Is Kew. Rhone. an album to be "solved"? "It invites interpretation even as it resists it," replies Blegvad. "When considering the meanings of Kew. Rhone. we can only guess, we can't know – which will put some people off. People who want definitive answers are unlikely to get whatever there is to be got from the Kew. Rhone. experience. Personally, I feel more at home with doubt than I do with certainty. What Keats called Negative Capability."

As Blegvad suggests, the album is, in some senses, unexplainable – yet, at the same time, it cries out for explanation. Hence the new book: 192 pages long and published by Colin Sackett's Uniformbooks.

"As I wrote in 1985," says Blegvad, “'certain works by certain artists are not really complete until they have been thoroughly glossed, until commentary and exegesis, like colonies of clinging limpets, have extended the original contours and made the work of one the work of many. Kew. Rhone. is such a work. It cries out for annotation and analysis.' No one else was gonna do it, so I did. Though it took me 30 years – and Colin Sackett's encouragement and creative support."

"I wrote and illustrated the first half, an exegetical memoir, a track-by-track excavation," he continues. "The second half is an anthology of responses to the record by an international consortium - artists, writers, critics, musicians - who very kindly contributed texts and images to what turned out to be a very handsome volume."

As he suggests, Blegvad begins by discussing each track on the album, often diving off into footnotes. In the second half, we hear from a number of fans, including Robert Wyatt and Jonathan Coe, and such contributors as Lisa Herman, Andrew Cyrille and Carla Bley. Bley mentions a vow of secrecy during the recording as to the exact meaning or whereabouts of Kew. Rhone. (an anagram of Knowhere?). Such ambiguity is key to the record, and is happily retained in the book – which, says Blegvad, was precisely the intention: "to illuminate without dispelling the mystery of a work designed to resist interpretation even as it invites it. I think we pulled it off."

I mentioned at the start of this piece that Blegvad, as well as writing lyrics, was also responsible for the equally extraordinary imagery. The cover features a Victorian image with Roman numerals on top: like the lyrics, the image feels like a code, and one I for one have yet to fully solve. "The words were then locked in triangular tension with both audial and visual data," he says. "The songs were now, in a sense, 3D constructs. I was aiming to create a mental object with the presence and resistance of a physical thing."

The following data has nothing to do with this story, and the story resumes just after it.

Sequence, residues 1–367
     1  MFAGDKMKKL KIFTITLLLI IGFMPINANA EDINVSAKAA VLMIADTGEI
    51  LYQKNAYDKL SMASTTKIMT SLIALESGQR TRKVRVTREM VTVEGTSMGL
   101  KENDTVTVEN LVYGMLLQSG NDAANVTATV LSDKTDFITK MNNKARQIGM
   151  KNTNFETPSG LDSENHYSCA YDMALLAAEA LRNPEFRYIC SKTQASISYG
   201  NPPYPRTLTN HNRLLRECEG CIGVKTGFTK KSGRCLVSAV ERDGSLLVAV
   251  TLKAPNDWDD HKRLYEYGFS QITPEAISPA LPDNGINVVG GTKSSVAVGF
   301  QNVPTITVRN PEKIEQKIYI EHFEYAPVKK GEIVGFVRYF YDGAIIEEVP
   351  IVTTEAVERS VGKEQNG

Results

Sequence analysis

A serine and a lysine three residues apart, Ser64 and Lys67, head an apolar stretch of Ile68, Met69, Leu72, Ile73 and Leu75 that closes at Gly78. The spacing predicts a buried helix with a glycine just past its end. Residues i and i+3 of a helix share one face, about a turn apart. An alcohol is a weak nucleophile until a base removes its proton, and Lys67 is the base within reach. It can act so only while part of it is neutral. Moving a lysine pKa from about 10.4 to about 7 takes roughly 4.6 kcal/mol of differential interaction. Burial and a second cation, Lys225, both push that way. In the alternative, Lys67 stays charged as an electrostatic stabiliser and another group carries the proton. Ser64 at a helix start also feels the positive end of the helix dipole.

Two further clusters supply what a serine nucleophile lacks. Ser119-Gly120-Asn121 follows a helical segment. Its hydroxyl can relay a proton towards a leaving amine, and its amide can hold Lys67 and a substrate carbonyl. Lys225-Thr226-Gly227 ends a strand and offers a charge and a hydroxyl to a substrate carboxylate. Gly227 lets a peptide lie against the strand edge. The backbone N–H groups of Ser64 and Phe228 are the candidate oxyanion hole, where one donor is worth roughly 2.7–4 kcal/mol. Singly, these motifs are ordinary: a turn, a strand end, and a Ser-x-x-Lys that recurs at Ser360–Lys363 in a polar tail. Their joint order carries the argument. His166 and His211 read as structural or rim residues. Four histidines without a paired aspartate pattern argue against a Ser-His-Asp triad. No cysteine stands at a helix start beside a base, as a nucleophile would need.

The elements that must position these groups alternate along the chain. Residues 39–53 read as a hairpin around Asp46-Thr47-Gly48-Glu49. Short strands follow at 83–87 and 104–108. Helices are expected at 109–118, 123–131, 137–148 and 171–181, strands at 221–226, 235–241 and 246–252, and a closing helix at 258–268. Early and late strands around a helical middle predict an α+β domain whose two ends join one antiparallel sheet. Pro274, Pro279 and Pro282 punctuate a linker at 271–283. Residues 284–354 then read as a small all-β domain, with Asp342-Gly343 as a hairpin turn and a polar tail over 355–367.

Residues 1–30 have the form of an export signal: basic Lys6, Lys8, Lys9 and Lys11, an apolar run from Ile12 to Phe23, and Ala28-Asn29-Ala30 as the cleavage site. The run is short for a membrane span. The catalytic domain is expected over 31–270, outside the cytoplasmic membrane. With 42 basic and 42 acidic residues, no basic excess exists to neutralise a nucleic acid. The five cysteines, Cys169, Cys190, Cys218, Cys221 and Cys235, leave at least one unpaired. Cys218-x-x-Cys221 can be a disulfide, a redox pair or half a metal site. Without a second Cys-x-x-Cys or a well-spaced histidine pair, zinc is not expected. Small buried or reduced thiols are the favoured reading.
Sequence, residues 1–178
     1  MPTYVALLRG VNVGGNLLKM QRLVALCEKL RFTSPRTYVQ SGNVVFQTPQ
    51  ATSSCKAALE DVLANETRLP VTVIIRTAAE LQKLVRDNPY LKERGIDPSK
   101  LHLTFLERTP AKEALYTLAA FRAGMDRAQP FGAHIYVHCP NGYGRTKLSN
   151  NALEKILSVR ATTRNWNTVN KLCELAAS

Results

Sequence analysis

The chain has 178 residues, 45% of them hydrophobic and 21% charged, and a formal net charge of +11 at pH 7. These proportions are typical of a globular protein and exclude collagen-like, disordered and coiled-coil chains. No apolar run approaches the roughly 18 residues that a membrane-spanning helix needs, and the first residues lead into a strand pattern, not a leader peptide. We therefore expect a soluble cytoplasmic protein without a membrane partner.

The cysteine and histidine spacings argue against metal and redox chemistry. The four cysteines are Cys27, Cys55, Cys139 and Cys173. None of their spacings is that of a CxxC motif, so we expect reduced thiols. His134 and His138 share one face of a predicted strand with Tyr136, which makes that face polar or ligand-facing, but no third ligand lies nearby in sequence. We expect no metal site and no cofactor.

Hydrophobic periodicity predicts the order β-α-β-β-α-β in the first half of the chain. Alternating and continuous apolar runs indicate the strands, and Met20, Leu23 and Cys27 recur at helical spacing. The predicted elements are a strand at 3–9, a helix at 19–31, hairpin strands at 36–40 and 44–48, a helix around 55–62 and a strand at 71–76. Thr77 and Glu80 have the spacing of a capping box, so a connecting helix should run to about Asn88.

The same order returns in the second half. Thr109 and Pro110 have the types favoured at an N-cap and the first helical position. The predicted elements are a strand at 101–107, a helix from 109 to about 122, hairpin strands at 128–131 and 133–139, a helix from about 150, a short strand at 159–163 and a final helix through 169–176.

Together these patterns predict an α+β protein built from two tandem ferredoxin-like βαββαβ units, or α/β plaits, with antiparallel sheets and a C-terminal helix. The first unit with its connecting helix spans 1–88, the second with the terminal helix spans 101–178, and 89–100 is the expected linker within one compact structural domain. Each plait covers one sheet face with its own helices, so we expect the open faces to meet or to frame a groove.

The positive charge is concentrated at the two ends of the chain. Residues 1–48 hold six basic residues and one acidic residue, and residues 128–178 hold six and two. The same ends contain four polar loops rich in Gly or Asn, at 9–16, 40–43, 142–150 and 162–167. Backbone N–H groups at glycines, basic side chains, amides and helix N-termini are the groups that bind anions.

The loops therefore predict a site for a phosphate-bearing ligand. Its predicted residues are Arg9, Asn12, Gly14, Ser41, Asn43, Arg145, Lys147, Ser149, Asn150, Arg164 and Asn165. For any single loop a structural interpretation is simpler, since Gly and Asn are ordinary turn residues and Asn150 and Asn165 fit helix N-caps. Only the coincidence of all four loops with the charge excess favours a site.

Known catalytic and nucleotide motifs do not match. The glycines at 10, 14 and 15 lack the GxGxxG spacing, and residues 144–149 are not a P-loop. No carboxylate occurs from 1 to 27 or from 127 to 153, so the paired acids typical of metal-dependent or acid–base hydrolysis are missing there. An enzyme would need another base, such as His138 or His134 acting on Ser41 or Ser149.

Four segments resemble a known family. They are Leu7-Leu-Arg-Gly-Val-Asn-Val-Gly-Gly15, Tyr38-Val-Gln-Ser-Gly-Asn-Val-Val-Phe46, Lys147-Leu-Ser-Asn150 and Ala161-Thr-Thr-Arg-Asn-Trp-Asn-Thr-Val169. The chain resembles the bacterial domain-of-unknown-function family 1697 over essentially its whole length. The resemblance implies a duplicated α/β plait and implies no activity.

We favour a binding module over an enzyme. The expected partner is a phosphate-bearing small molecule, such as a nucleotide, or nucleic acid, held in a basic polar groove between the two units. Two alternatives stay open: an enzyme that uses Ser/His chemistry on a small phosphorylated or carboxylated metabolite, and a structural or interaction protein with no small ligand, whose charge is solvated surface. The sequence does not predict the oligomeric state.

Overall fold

This "triangular tension" between words, music and artwork hints at the fact that Blegvad as particularly well positioned to turn the album into a book. Born in New York but for some time resident in London, his career has included everything from drawing backgrounds for the Peanuts cartoon to creating 'eartoons' for Radio 3, from working as a lecturer to recording and performing with everyone from Faust to Andy Partridge.

Yet Kew. Rhone. – the album and now the book – somehow sums up his whole professional life (well, that and the Leviathan strip – now published in book form and the only parental guidebook you'll ever need). The story I've always heard is that the album was released by Virgin on the same day that the label released Never Mind The Bollocks. In fact, the shift from progressive to punk was not quite that symbolic: Jonathan Coe says in the book that Kew. Rhone. in fact came out a good six months earlier. Still, the point remains that Kew. Rhone., with its 3D songs and 7/4 bossa novas, was progressive – but not the sort of progressive that makes you want to punch it on the nose for its smug pomposity. This was a version of prog that poked fun at itself, and at anything else, while being absolutely serious at the same time.

There are times I'd rather listen to Never Mind The Bollocks (well… Buzzcocks, maybe) than Kew. Rhone. and punk acts didn't only sound good: Buzzcocks and their contemporaries also struck an important blow for artist entrepreneurship as a route to creative autonomy. But in musical and lyrical terms, it is Kew. Rhone. that looked forward. (Blegvad and Greaves even experimented with drilling a second hole, slightly off centre, to distort the music; although eventually abandoned, the scheme gives a sense of the scale of ambition.) It is a sign of just how far ahead of its time it was that Kew. Rhone. was re-released in 1998 as a CD-ROM. I'm not sure how many would have predicted, in the late 90s, that the CD-ROM would be the format that today looks archaic. Thankfully, however, we've still got paper, and publishers like Uniformbooks. Outside Bloomsbury's often brilliant 33 1/3 series, I haven't enjoyed a book about an individual album this much for quite some time.

More on the book Kew. Rhone. here. Different Every Time: the Authorised Biography of Robert Wyatt by Marcus O'Dair is out now from Serpent’s Tail